Call Us

USA number: 1-(727)230-0563
Costa Rica: (506) 2257-0441

Follow Us On

Facts about Costa Rica


Calling Cards

All public phones in Costa Rica require a phone card. There are 3 types of phone cards available throughout the country. Chip cards only operate in blue phones labeled "Chip," while Servicio 197 cards are for in-country calls from any touch tone phone. Servicio 199 cards are for international calls.

Also, it is possible to get a pre-paid phone from different companies such as ICE, Claro, etc. You can get one of these phones for $20 or $25. This allows you to be in contact with your family and friends while in Costa Rica.



The currency is the colón. New coins are gold-colored and the old coins are silver. Both are used, however the silver version is being phased out.


Orientation in San José is easy: streets running from East to West are called avenidas (avenues); those from north to south are called calles (streets). All avenues south of Avenida Central are even-numbered and all avenues to its north are odd. All streets west of Calle Central are even-numbered while streets east of Calle Central are odd-numbered. For example, the address Av.2/C.2-4 is on the Avenida Central, between 2nd and 4th streets.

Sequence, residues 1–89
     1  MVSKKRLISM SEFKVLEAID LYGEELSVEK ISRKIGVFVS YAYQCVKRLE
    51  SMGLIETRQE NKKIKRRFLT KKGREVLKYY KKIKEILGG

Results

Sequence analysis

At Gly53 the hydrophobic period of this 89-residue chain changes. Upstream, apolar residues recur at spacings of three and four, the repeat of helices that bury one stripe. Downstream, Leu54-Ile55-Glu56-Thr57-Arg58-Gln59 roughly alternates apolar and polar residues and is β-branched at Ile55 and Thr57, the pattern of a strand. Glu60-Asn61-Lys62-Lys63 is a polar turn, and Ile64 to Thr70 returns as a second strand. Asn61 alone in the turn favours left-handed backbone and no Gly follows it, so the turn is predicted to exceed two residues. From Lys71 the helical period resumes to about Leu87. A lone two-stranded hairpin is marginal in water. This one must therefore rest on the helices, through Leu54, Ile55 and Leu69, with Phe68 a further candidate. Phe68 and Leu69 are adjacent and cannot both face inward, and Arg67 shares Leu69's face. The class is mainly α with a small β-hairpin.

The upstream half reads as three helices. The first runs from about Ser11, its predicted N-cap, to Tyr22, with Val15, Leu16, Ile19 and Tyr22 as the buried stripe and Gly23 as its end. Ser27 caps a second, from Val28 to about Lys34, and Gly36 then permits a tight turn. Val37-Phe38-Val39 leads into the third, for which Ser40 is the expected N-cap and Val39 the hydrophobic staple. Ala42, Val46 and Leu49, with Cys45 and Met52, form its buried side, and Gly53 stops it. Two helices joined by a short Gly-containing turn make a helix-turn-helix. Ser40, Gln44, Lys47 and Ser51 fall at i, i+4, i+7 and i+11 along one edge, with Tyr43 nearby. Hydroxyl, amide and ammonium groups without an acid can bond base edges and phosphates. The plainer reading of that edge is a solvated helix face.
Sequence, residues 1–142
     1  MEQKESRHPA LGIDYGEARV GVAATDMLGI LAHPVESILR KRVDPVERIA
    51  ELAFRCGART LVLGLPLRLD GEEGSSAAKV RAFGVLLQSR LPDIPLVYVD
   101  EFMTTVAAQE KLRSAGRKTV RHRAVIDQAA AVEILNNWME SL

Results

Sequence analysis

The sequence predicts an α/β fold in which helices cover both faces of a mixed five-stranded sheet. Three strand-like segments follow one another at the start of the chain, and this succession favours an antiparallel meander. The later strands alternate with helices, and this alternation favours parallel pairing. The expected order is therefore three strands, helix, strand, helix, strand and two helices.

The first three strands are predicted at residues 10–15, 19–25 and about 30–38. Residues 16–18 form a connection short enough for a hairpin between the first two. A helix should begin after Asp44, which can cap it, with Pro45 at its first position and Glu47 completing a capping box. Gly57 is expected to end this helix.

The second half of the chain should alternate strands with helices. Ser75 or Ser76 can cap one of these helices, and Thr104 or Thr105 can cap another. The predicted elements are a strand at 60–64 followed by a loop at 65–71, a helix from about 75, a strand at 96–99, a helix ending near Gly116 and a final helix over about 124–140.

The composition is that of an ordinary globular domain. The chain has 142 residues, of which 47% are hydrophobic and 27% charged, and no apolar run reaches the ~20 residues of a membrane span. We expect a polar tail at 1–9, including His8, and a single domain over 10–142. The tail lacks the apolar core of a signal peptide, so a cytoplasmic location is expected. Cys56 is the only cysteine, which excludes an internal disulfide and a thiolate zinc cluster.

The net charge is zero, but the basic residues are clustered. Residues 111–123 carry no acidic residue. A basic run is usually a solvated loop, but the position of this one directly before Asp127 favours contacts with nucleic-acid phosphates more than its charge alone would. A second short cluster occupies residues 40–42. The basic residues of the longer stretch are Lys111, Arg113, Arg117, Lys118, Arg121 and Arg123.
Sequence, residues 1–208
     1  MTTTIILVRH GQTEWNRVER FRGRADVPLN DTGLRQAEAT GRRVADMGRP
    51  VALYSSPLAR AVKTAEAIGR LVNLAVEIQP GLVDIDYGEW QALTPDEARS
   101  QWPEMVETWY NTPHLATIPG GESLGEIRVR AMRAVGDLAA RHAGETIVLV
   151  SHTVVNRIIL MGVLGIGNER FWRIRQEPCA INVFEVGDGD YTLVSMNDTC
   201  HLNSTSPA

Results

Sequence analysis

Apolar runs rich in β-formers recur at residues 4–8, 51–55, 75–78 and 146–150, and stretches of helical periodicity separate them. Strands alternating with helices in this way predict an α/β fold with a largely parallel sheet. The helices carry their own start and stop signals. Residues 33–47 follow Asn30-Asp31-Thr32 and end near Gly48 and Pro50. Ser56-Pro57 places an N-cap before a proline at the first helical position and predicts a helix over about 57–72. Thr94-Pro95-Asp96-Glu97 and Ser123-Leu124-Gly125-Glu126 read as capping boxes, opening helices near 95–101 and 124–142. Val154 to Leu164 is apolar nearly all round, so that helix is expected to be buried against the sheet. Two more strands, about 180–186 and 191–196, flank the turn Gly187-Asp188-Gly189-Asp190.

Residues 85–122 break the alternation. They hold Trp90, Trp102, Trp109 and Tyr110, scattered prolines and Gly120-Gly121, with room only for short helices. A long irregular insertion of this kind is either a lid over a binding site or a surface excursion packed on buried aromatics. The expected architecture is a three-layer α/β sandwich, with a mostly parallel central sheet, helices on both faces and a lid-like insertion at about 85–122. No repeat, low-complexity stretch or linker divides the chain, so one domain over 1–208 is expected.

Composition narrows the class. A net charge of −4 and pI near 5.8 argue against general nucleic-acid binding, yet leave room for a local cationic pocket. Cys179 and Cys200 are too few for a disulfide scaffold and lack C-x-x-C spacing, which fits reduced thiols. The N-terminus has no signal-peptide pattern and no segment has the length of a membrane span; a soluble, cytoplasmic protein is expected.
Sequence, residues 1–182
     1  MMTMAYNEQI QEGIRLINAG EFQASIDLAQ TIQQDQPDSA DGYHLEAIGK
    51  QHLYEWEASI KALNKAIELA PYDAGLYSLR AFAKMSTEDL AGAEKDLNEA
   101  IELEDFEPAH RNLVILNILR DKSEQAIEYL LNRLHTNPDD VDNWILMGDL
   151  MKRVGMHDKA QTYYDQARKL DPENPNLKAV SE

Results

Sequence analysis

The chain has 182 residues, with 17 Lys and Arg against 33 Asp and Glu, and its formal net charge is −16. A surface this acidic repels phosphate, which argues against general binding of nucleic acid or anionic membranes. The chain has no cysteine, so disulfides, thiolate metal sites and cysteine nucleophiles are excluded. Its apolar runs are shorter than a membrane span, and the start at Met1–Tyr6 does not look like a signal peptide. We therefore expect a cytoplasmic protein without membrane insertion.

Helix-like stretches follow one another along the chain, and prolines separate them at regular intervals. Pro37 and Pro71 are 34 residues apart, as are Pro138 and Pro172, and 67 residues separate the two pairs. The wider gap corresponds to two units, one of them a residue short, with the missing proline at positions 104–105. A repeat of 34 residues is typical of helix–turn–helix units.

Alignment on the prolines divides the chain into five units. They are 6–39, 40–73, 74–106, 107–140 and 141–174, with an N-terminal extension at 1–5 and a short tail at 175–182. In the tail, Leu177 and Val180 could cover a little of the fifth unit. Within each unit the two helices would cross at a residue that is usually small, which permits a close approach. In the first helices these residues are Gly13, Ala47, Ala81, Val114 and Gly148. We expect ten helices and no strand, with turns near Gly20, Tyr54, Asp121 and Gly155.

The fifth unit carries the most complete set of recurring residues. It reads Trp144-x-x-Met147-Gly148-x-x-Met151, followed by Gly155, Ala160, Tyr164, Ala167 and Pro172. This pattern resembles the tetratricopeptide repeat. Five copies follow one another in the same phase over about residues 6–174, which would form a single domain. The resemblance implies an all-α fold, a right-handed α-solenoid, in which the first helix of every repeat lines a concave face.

Orientation outside of central San José becomes a bit more difficult. Directions are given with regard to common landmarks such as churches, malls, hospitals, restaurants, etc. A city block is estimated to be 100 m. Try to get a feeling for cardinal directions by remembering local landmarks within your first few days in Costa Rica.


The standards are the same as in the United States. Outlets are 110v with a standard two-prong plug.


Canada: (506) 2242-4900
Great Britain: (506) 2258-2025
United States: (506) 2220-3939


Emergency Call: 911
(It will be faster to call the police or fire station directly)